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Division of Periodic Table into s-, p-, d- and f blocks on the Basis of Electronic Configurations

DIVISION OF PERIODIC TABLE INTO s-, p-, d- AND f-BLOCKS ON THE BASIS OF ELECTRONIC CONFIGURATIONS

The long form of periodic table can be divided into four main blocks. These are s-, p-, d- and f-blocks. The division of elements into blocks is primarily based upon their electronic configuration as shown in Fig. 6.2.

Fig. 6.2. Division of periodic table into various blocks. 

 

s-BLOCK ELEMENTS

The elements in which the last electron enters the s-sub- shell of their outermost energy level are called s-block elements. This block is situated at extreme left of the periodic table. It contains elements of groups 1 and 2. Their general configuration is ns1-2, where n represents the outermost shell. the elements of group 1 are called alkali metals whereas the elements of group 2 are called alkaline earth· metals. are:

Some of the general characteristics of s-block elements

(i) They are soft metals. Hardness decreases with increasing atomic number.

(ii) They have low melting and boiling points.

(iii) They have low ionization energies and hence are highly electropositive.

(iv) They are very reactive metals.

(v) They show oxidation states of +1 (in case of alkali metals) or +2 (in case of alkaline earth metals).

(vi) They are good reducing agents.

(vii) The compounds of s-block elements are predominantly ionic.

 

p-BLOCK ELEMETS

The elements in which the last electron enters the p-subshell of their outermost energy level are called p-block elements. The ·general configuration of their outermost shell is ns2 np1-4i. The only exception is helium (l s2). Strictly, helium belongs to the s-block but its positioning in the p-block along with other group 18 elements is justified because it has completely filled valence shell ( 1 s2) and as a result, exhibits properties characteristic of other noble gases. This block is situated at the extreme right of the periodic table and contains elements of groups 13, 14, 15, 16, 17 and 18 of the periodic table. Most of these elements are non-metals, some are metalloids and a few others are heavy elements which exhibit metallic character. The non-metallic character increases as we move from left to right across a period and metallic character increases as we go down the group. Some of the general characteristics of p-block elements are:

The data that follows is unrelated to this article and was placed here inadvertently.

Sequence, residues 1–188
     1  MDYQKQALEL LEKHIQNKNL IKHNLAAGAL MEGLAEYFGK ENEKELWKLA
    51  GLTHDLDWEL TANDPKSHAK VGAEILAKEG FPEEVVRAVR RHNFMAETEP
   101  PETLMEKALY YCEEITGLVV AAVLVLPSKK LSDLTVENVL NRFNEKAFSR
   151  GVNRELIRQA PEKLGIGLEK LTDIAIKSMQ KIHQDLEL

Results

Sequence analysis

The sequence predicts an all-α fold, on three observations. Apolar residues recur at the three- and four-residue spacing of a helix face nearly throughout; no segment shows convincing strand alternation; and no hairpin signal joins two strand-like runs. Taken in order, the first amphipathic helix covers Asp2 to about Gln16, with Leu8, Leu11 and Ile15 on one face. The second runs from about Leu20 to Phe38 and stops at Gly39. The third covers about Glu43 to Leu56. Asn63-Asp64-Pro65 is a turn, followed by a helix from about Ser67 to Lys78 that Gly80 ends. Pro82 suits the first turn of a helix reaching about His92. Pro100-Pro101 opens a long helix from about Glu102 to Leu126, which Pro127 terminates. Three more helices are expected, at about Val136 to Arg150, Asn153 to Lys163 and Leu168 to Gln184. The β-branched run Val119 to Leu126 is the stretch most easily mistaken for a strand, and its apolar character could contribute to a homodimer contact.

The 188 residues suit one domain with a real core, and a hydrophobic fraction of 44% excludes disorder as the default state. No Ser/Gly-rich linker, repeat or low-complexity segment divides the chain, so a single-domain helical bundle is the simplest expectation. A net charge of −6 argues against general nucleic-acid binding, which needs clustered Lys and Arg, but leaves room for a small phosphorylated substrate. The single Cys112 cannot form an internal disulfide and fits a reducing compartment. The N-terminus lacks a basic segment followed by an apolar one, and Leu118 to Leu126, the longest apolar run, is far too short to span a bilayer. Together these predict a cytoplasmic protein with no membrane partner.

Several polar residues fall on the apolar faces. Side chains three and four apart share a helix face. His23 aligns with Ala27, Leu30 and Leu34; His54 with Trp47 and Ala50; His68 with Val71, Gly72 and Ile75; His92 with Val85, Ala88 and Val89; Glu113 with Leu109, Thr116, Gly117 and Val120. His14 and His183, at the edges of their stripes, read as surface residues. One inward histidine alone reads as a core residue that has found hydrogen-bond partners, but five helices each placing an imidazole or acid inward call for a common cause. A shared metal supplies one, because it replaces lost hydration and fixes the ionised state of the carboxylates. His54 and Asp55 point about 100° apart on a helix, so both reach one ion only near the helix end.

(i) They show variable oxidation states.

(ii) They form ionic as well as covalent compounds.

(iii) They have relatively higher values of ionization energy.

(iv) Most of them are non-metals.

(v) Most of them are highly electronegative.

(vi) Most of them form acidic oxides.

 

d-BLOCK ELEMENTS

The elements in which the last electron enters the d-subshell of the penultimate energy level are called d-block elements. Their general valence shell configuration is (n -l)d1-10, ns1-2, where n represents the outermost energy level. d-Block contains three complete rows of ten elements in each. The fourth row is incomplete. The three rows are called first, second and third transition series. They involve the filling of 3d, 4d and 5d orbitals respectively. The d-block contains elements of groups 3 to 12 of the periodic table. The general characteristics of d-block elements are:

(i) They are hard, high melting metals.

(ii) They show variable oxidation states.

(iii) They form coloured complexes.

(iv) They form ionic as well as covalent compounds.

(v) Most of them exhibit paramagnetism.

(vi) Most of them possess catalytic properties.

(vii) They form alloys. For example, brass is an alloy of copper and zinc.

(viii) They are good conductors of heat and electricity.

 

f-BLOCK ELEMENTS

The elements in which the last electron enters the f –sublevel of the anti-penultimate (third to the outermost shell) shell are called f-block elements. Their general configuration is (n – 2)f1-14 (n – 1) d 0-1 , Ns2, where n represents the outermost shell. They consist of two series of elements placed at the bottom of the periodic table. The elements of first series follow lanthanum (57La) and are called lanthanoids. The elements of second series follow actinium (89Ac) and are called actinoids. Actinoid elements are radioactive. Many of them have been made only in nanogram quantities or even less by nuclear reactions. Chemistry of the actinoids is complicated and is not fully studied. The general characteristics of !-block elements are:

(i) They show variable oxidation states.

(ii) They are high melting metals.

(iii) They have high densities.

(iv) They form complexes, most of which are coloured.

( v) Most of the elements of actinoid series are radioactive.